In many nations of the world, education has been universally acknowledged as an instrument for national development. Economist and educationists alike have for long held the view that education is a prerequisite for economic growth and a master determination of all aspects of change. Right from the time of Plato it has been the view that “what you want in the state you must put into the school.” Consequently education has come to occupy a central position in the economic, political and cultural development of most developing countries: most of which have for the past decades invested heavily in education in the hope of realising heavy returns in terms of qualified and skilled manpower needed for their over-all  development.
Nigeria is one of the countries that have adopted education as an instrument par excellence for national development. Consequently Nigeria has for decades invested in education in the hope of generating qualified and skilled manpower for developing her abundant natural resources. As the title indicates, the main trust of this paper is on the present and future. But there is no present without a past. Therefore having as I do, a historical background, I shall start off by making a historical survey Of the attempts made since the inception of Western education in Nigeria, to structure her educational objectives and policies to approximate to what was thought compatible with the employment opportunities of the time.
A HISTORICAL REVIEW OF NIGERIAN EDUCATIONAL OBJECTIVES
AND POLICIES
THE COLONIAL PERIOD 1842 – 1955
In 1946, soon after the establishment of the first school in Badagry by the Missionaries, Lord Grey had recommended the establishment of agricultural education. The curriculum was intended to include household economy, gardening and surveying and agricultural chemistry (Faghulu, 1983, P 140). The tradition of work-oriented education was not successful as abundant evidence existed in the literature of complaints against the products of the school system who were unwilling to use their hands (Blyden, 1887). The same fate befall the attempt by missionary bodies to set up industrial institutions in Abeokuta.
In the twentieth century the Phelps-Stokes Commission of l922 attempted to redirect the focus of education to work, as it was generally felt that the education given to Africans was inadequate and inappropriate as it educated them away from their environment.  The Commission saw the need for education to keep the Africans in touch with the indigenous welfare of they tribes, to provide them with element of good agriculture and good Hygiene and to give them training in good crafts and home economics. This type of education was highly resented by Africans themselves who preferred the type of education the white collar jobs gave them access to in the government, the  trading companies or as catechists. They criticized the education proposed by the Commission as interior to the privileged education obtained overseas.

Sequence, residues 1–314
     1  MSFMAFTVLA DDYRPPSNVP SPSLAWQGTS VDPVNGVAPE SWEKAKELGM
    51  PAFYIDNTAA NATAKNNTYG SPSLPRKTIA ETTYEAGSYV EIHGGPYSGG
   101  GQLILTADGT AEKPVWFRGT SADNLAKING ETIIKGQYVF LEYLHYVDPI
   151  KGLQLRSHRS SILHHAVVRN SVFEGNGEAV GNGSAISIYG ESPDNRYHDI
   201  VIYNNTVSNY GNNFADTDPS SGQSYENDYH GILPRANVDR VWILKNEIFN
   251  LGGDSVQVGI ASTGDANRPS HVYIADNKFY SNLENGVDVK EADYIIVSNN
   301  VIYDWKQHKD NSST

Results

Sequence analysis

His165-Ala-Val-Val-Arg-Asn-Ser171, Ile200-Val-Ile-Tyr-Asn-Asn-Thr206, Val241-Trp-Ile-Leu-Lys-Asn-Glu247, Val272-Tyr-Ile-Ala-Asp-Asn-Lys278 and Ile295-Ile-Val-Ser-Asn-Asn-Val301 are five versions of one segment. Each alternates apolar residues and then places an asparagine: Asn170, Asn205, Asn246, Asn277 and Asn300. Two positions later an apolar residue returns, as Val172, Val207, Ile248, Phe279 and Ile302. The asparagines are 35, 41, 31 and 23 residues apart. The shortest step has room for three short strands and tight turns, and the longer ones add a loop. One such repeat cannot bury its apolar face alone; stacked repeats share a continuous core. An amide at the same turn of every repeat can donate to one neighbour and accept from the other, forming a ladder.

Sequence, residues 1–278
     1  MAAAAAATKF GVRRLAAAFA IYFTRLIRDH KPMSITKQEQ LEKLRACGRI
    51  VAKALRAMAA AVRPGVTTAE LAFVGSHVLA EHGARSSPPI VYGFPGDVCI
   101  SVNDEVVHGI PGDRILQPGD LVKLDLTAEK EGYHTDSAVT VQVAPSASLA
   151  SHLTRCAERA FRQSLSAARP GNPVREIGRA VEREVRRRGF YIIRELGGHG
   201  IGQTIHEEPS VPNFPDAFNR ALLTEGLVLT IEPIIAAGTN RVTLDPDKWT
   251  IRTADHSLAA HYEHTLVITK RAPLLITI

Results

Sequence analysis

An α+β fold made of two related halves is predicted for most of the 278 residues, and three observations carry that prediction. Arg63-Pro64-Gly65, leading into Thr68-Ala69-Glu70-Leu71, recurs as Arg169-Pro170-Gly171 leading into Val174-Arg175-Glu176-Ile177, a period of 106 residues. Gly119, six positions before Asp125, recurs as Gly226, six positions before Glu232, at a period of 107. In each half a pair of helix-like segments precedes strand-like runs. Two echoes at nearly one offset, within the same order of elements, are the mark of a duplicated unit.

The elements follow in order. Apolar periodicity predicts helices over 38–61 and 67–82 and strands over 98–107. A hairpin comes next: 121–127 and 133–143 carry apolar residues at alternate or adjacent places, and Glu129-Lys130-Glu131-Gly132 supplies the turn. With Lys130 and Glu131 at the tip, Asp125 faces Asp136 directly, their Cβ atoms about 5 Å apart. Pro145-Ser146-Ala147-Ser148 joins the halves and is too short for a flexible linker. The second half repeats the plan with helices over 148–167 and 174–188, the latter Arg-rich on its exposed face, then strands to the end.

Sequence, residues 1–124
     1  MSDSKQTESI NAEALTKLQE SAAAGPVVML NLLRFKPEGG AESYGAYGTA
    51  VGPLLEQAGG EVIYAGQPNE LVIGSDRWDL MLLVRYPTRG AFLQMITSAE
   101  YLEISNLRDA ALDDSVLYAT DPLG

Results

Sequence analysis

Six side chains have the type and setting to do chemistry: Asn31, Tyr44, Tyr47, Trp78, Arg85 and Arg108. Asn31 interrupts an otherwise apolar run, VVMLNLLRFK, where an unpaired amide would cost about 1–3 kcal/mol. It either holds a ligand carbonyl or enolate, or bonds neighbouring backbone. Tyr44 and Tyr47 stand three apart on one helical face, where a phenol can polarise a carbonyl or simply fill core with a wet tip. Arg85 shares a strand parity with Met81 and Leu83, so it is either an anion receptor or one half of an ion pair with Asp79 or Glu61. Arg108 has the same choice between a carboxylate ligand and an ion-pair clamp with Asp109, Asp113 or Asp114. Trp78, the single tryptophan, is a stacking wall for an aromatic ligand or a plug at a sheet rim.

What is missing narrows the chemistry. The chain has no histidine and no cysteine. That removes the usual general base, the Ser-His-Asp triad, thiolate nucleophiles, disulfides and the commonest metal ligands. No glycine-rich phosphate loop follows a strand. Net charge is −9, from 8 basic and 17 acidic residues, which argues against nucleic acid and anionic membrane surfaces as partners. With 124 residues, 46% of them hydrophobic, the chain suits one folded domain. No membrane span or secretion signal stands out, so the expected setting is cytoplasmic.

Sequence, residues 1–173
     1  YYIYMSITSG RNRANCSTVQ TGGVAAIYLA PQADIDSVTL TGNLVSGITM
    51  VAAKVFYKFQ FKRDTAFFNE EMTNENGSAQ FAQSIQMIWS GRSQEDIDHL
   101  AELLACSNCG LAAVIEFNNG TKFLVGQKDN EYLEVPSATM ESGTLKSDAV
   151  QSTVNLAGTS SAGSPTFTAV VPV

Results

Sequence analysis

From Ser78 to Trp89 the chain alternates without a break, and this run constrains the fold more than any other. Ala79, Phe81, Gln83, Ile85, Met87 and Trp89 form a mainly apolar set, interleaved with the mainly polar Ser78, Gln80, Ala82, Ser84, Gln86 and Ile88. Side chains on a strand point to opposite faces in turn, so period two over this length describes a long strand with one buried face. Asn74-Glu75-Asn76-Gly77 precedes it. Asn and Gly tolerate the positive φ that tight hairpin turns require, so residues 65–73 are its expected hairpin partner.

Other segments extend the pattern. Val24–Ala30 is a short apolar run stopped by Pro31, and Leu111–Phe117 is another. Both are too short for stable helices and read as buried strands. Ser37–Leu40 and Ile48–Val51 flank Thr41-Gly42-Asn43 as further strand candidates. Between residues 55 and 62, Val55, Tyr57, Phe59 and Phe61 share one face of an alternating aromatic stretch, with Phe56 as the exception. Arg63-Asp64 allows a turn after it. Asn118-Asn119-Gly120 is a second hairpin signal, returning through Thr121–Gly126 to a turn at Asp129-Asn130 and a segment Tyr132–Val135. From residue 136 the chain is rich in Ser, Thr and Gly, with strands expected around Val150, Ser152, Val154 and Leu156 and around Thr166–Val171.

Between 1901 and 1950 various educational decisions were taken to meet the particular demand of the economy, training schools were set up by various governmental agencies e.g  the Railways (1901). The public Works Department, the Marine Department and the Posts and Telegraph Department started various courses designed to meet their peculiar needs between 1901- 31. These needs were very special and narrow since the required number of specially trained personnel were very few; this meant little expansion which slowed down the growth of the economy.
The era of open-ended aided professional specialisation started in 1932 with The establishment of the Yaba College of Technology which was designed to train professionally qualified personnel in medicane, agriculture, engineering and education. The institution offered mobility towards a jealously guarded economic stratum which was peopled by expatriates and a few African educated abroad. The Yaba experiment proved the reverse of a pattern whereby the labour market had indicated or dominated the activities of educational institutions. Before that following the recommendations of the 1945 Commission on Higher Education in West Africa, the Nigerian Colleges of Arts, Science and Technology were established (1950 – 54).
Nigeria’s Ten-Year Education Plan (1944 -1945) launched in 1944 aimed to provide a type of education more suitable for the needs of the country and also provide more financial assistance to missions, voluntary educational bodies and native administration for expansion of education (Adesina, 1977). The plan failed to achieve the stated objectives because the goals were vaguely defined and lacked effective executive. The 1948 Education Ordinance proved to be a land mark, in the development of Education as it led to the establishment of the nucleus of what later became the University of Ibadan which offered an elitist type of education for top posts in government.
By the l950s exciting experiments were either being proposed or carried out at both primary and secondary levels by Nigerians who were gradually seizing the initiative from the erstwhile colonial masters. In urgent response to the task of identifying the educational needs of the people, they embarked on the approach of linear expansion as a planning strategy. In 1955 the Western Region introduced the UPE followed by Eastern Region in 1957. In the Western Region the UPE was followed by the three year prevocational modern Schools established to take care of the products of UPE. Both experiences  did not last for long owing to inadequacy of funds. In 1961; before the opening, of the Universities of Lagos and Zaria, a new type of University, the University of Nigeria was founded “to provide for the requirement of industry commerce  and society”.  It’s character was a blend of the landgrant college idea and those of the classical universities. Twenty years later another new type of university was to established  the University of Technology.